A few weeks ago we decided to visit Stonehenge. Although I’ve lived in this country for many years, I’d never actually been there, so when my sister came to stay and expressed an interest in going there, we hired a 9-seater monstrosity and piled two families into it.
People have told me not to bother with Stonehenge. “You can’t get near it”, they point out. “It’s full of tourists”, they add. All of it true. Sure, it is a tourist attraction, but by the time we arrived late on a Sunday afternoon, having visited Avebury and West Kennet Long Barrow (other Neolithic sites in Wiltshire) first, their numbers had dwindled to only the hardiest individuals. And yes, you can’t touch the stones or sit on them, but instead have to follow a walkway around it at distance of at least 10 meters in places.
None of that matters.
The sense of awe descends as soon as you see it in the distance. I won’t bore you with the history of the place – that’s what Wikipedia and other media are for – but merely recount how it affected me. The moment I set foot on that walkway, with a hand-held recording borrowed from the ticket office, I was transported back in time.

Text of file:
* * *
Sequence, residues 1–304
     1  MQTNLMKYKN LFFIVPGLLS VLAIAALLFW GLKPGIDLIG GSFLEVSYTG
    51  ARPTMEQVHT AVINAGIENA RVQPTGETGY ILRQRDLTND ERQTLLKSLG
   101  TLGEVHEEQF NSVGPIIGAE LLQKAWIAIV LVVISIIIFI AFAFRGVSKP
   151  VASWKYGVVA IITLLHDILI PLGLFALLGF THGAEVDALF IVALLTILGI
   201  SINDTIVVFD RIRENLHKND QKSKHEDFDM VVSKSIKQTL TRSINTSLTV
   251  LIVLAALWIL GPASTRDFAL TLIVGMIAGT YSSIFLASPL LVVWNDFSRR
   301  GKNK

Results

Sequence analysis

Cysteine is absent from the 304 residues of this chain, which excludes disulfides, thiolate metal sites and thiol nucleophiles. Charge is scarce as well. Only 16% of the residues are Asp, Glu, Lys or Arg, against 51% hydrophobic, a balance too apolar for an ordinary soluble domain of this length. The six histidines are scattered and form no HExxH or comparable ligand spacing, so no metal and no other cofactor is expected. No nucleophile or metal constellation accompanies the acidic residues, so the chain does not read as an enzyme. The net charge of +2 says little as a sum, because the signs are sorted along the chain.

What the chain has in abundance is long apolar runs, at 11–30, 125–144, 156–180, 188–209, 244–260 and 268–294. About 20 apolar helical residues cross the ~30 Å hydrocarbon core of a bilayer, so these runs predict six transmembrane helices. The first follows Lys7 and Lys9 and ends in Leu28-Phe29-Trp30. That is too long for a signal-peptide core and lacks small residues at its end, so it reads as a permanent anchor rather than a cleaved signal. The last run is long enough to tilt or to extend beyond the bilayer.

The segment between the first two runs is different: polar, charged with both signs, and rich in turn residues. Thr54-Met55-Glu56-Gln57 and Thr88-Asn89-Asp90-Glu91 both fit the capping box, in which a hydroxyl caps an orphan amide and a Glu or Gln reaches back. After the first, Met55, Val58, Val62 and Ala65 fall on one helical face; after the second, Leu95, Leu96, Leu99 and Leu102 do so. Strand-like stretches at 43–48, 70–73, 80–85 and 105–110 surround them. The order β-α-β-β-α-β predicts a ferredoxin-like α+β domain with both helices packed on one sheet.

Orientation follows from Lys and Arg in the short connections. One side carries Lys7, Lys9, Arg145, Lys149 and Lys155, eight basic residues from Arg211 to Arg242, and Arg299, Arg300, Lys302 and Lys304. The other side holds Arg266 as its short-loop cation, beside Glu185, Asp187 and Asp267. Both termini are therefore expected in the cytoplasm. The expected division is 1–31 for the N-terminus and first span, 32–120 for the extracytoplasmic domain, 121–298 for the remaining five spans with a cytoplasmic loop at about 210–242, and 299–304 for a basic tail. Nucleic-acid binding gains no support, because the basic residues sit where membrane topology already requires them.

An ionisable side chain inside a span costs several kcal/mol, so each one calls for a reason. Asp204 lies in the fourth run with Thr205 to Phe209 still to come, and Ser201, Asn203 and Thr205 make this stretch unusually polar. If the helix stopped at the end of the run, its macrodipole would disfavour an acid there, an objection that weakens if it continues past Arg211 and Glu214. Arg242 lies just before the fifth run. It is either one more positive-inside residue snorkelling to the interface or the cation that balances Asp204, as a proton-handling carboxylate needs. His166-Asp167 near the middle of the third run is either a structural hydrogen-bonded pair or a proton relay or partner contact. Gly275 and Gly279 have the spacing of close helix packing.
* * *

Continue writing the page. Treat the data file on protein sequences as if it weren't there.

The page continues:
And it was clear I wasn’t the only person who felt that way. Despite the number of visitors present, no one was talking loudly, no one was running or shoving or littering. Not a single kid was screaming. People spoke in hushed tones as if the algae-covered sarsen stones were sleeping giants which might wake at any time. Even the whir from the many cameras was eerily subdued, swallowed up by the forbidding rock faces.
The most amazing feeling was how the stories just welled up in me, stories to bridge the huge gaps in history, and all the things we don’t know anything about, but can only guess at. It left my head spinning and cursing the fact that my fingers were far too cold to write any of it down. It also made me want to re-read a series of books I read when they were first published: the Earth’s Children series by Jean M Auel, of which The Clan of the Cave Bear is Book 1. They were hugely enjoyable and meticulously researched.